Thursday, January 7, 2010

Renovation of the Church

The old church was never a grand building, but in its day served as a place of worship for people in the local community, who would arrive in horse-drawn carriages and would often have to stand outside during the services when there was not enough room inside. There was not a particular preacher or congregation associated with the church, instead traveling preachers would stop in and deliver a sermon. Later, the building served as a school. When we found it, the floor was caved in after it had been used to store fertilizer. Originally, there was no inside finished wall, just the wall framing and outside cladding of yellow poplar board and baton. Poplar boards also formed the ceiling, and were nailed to the bottom of the ceiling joists, which were part of the original trusses. The floor originally consisted of six 8"x8" oak beams, 16' long and ship-lapped in the center, making three 32' long girders. Pockets were cut into the girders to hold oak floor joists, mostly 2"x8" by 11' long, creating a 32'x22' sub-floor. The girders were held up by stacks of stones collected from the property. The original flooring was 1"x4" tongue and groove oak. Later, 1/2" particle board and vinyl flooring was put on top of the T&G oak. A drop ceiling had also been added later at 7.5' high (the original ceiling is 10.5' high). Finally, poplar siding had been added inside as a wall covering (with no insulation in the walls). The roof was just metal ribbed panels nailed over the trusses. Some fiberglass insulation had been added in the attic. A bathroom and kitchen were added when the building was converted to be used as a cabin. Partition walls were erected and paneling was nailed over the poplar wall covering. All inside plumbing was done with 1/4" copper tubing inside the cabin and most of the electrical wiring was draped above the drop ceiling and routed in the partition walls. Some wiring was snaked inside the original cabin walls.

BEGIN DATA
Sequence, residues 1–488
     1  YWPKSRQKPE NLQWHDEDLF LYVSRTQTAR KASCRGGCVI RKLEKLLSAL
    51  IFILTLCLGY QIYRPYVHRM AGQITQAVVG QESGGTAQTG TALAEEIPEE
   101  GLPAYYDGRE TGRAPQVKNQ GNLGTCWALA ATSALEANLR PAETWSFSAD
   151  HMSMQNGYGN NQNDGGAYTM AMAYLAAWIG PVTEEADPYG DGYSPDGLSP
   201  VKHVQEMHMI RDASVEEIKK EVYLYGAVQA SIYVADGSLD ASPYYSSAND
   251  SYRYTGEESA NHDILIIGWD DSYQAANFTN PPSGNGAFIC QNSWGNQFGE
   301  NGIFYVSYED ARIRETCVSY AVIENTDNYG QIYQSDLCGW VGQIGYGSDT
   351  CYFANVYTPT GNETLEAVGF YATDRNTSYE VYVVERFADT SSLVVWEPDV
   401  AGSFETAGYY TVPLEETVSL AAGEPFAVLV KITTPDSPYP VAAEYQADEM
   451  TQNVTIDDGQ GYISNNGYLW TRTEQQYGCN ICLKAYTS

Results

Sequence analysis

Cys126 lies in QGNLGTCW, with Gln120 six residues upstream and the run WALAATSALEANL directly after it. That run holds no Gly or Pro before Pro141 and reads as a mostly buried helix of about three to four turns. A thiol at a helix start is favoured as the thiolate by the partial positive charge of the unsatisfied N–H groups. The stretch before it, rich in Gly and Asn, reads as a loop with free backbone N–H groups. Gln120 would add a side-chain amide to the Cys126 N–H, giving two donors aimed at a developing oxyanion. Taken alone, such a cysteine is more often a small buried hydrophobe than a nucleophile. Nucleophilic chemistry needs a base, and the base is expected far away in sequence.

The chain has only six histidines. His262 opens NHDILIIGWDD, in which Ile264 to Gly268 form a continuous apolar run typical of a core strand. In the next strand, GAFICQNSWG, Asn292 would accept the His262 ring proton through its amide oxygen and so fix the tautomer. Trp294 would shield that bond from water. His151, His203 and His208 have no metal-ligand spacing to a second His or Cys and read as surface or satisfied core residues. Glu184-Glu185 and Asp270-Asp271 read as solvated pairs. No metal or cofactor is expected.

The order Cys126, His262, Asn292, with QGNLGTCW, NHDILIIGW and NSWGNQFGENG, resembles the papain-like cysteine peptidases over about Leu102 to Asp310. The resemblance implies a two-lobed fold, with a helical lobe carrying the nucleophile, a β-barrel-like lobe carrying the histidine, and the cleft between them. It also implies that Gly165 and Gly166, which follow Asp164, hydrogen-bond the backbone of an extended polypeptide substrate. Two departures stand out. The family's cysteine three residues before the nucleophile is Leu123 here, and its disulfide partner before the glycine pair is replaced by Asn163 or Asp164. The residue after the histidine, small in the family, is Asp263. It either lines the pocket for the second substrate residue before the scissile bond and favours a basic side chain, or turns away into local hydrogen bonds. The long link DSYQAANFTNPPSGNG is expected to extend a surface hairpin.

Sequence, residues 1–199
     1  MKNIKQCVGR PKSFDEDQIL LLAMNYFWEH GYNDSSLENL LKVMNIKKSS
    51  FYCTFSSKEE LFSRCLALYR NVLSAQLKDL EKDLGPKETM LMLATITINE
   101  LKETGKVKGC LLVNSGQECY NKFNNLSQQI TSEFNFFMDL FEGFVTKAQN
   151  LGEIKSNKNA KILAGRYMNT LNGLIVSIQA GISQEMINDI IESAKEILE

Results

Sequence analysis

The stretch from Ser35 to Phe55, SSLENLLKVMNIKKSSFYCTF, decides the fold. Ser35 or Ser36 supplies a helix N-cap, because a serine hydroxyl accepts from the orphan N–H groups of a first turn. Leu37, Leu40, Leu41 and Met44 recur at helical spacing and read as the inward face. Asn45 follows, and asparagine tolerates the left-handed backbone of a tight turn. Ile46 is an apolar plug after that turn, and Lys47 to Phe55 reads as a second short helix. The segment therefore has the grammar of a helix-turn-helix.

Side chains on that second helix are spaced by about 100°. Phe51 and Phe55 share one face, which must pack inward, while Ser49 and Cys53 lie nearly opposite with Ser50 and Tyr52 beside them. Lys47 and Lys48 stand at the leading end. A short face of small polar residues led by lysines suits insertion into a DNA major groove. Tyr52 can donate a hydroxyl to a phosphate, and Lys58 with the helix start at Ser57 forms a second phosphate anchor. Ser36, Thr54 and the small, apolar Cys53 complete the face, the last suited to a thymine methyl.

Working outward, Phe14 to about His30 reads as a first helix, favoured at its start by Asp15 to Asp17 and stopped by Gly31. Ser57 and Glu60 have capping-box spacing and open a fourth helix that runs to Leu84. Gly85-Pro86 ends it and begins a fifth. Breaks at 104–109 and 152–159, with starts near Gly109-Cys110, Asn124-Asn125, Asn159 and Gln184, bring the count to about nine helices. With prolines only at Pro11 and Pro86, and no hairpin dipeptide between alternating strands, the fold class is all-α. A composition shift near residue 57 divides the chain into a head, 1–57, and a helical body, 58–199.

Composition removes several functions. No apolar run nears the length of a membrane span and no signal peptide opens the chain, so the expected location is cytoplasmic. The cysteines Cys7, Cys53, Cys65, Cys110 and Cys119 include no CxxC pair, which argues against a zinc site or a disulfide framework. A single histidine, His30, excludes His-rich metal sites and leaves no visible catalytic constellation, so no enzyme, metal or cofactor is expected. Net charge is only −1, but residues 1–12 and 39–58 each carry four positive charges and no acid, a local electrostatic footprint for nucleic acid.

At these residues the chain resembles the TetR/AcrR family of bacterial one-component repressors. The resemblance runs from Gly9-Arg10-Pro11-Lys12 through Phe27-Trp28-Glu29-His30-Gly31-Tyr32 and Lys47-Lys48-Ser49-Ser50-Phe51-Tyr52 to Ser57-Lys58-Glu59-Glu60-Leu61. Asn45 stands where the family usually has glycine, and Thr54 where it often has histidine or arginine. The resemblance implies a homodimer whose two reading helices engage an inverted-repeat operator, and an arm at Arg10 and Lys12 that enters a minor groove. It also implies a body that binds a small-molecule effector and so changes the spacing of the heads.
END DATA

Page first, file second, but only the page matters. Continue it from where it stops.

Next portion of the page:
We started by pulling out all of the flooring down to the joists. Unfortunately, the oak T&G flooring was not re-usable and, needless to say, the particle board was worthless as it had gotten wet in a number of places over the years. The oak joists and girders were in very good shape and even had to be pre-drilled in order to nail into them, they were so hard. One joist and one girder were broken and had to be repaired. The entire house had pulled apart by about 2", to the point that some of the joists were coming out of their pockets, so we pulled the house back in using a come-along and bottle jacks!  We attached all joists to their girders using metal hangers and ties and re-stacked stones under the girders to get the house somewhat level. We still plan to raise the house by about 6", so the final leveling will come at that time. Also, we will be replacing the stones with concrete block. This was a tough decision, but many of the stones were tending to crumble.

We have removed the drop ceiling and its frame, all of the wall partitions, all of the inside plumbing and the ancient, water-logged insulation from the attic. All of the furniture and appliances have also been removed to storage.

No comments:

Post a Comment